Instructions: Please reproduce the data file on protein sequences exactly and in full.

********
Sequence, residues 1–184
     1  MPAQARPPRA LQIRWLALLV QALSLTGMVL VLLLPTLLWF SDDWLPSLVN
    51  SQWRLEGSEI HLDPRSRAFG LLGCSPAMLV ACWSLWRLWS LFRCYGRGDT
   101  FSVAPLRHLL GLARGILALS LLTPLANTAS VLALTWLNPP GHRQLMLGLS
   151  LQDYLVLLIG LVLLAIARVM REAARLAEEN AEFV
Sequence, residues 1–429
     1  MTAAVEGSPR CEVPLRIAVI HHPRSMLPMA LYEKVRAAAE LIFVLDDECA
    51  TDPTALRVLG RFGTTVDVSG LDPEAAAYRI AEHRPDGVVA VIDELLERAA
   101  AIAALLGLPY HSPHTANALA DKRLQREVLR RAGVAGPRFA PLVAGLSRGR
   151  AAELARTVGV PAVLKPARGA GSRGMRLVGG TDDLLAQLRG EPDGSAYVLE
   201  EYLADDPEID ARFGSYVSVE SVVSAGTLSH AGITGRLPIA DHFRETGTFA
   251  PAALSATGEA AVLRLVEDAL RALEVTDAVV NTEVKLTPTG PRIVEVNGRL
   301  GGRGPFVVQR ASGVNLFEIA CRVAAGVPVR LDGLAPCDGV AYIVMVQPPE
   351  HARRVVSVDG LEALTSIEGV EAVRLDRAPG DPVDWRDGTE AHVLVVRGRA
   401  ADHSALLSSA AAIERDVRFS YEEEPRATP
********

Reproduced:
Sequence, residues 1–184
     1  MPAQARPPRA LQIRWLALLV QALSLTGMVL VLLLPTLLWF SDDWLPSLVN
    51  SQWRLEGSEI HLDPRSRAFG LLGCSPAMLV ACWSLWRLWS LFRCYGRGDT
   101  FSVAPLRHLL GLARGILALS LLTPLANTAS VLALTWLNPP GHRQLMLGLS
   151  LQDYLVLLIG LVLLAIARVM REAARLAEEN AEFV
Sequence, residues 1–429
     1  MTAAVEGSPR CEVPLRIAVI HHPRSMLPMA LYEKVRAAAE LIFVLDDECA
    51  TDPTALRVLG RFGTTVDVSG LDPEAAAYRI AEHRPDGVVA VIDELLERAA
   101  AIAALLGLPY HSPHTANALA DKRLQREVLR RAGVAGPRFA PLVAGLSRGR
   151  AAELARTVGV PAVLKPARGA GSRGMRLVGG TDDLLAQLRG EPDGSAYVLE
   201  EYLADDPEID ARFGSYVSVE SVVSAGTLSH AGITGRLPIA DHFRETGTFA
   251  PAALSATGEA AVLRLVEDAL RALEVTDAVV NTEVKLTPTG PRIVEVNGRL
   301  GGRGPFVVQR ASGVNLFEIA CRVAAGVPVR LDGLAPCDGV AYIVMVQPPE
   351  HARRVVSVDG LEALTSIEGV EAVRLDRAPG DPVDWRDGTE AHVLVVRGRA
   401  ADHSALLSSA AAIERDVRFS YEEEPRATP